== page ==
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The American Revolution

 Mercantilism meant that the government and the merchants became partners with the goal of increasing political power and private wealth, to the exclusion of other empires. The government protected its merchants—and kept others out—by trade barriers, regulations, and subsidies to domestic industries in order to maximize exports from and minimize imports to the realm. The Navigation Acts of the late 17th century provided the legal foundation for Mercantilist policy. They required all trade to be carried in English ships, manned by English crews (this later encompassed all Britons after the Acts of Union 1707 united Scotland with England).[33] Colonists were required to send their produce and raw materials first of all to Britain, where the surplus was then sold-on by British merchants to other colonies in the British empire or bullion-earning external markets. The colonies were forbidden to trade directly with other nations or rival empires. The goal was to maintain the North American and Caribbean colonies as dependent agricultural economies geared towards producing raw materials for export to Britain. The growth of native industry was discouraged, in order to keep the colonies dependent on Britain for their finished goods.[34]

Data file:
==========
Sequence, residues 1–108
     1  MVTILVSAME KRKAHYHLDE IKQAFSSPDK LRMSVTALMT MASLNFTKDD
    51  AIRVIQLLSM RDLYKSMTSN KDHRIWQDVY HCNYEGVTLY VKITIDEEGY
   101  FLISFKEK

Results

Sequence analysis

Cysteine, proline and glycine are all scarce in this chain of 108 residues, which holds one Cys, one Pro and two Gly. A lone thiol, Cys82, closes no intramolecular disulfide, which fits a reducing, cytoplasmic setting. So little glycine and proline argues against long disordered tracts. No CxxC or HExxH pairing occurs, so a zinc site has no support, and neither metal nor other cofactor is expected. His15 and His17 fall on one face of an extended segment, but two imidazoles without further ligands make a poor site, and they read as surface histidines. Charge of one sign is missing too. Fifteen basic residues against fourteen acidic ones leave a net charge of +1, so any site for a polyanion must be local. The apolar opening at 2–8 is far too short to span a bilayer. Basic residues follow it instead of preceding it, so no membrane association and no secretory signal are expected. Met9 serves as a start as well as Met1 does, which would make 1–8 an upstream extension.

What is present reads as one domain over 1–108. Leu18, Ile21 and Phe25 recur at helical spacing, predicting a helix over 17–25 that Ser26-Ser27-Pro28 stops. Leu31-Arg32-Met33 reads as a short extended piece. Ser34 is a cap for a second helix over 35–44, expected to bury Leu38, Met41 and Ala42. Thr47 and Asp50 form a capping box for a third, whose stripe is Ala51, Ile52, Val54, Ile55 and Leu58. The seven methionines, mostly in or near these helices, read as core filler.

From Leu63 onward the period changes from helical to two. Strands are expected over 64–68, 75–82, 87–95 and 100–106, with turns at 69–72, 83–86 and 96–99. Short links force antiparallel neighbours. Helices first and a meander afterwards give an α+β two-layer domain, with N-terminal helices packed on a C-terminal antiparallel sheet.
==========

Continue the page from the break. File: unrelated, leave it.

The government had to fight smuggling—which became a favorite American technique in the 18th century to circumvent the restrictions on trading with the French, Spanish or Dutch.[35] The goal of mercantilism was to run trade surpluses, so that gold and silver would pour into London. The government took its share through duties and taxes, with the remainder going to merchants in Britain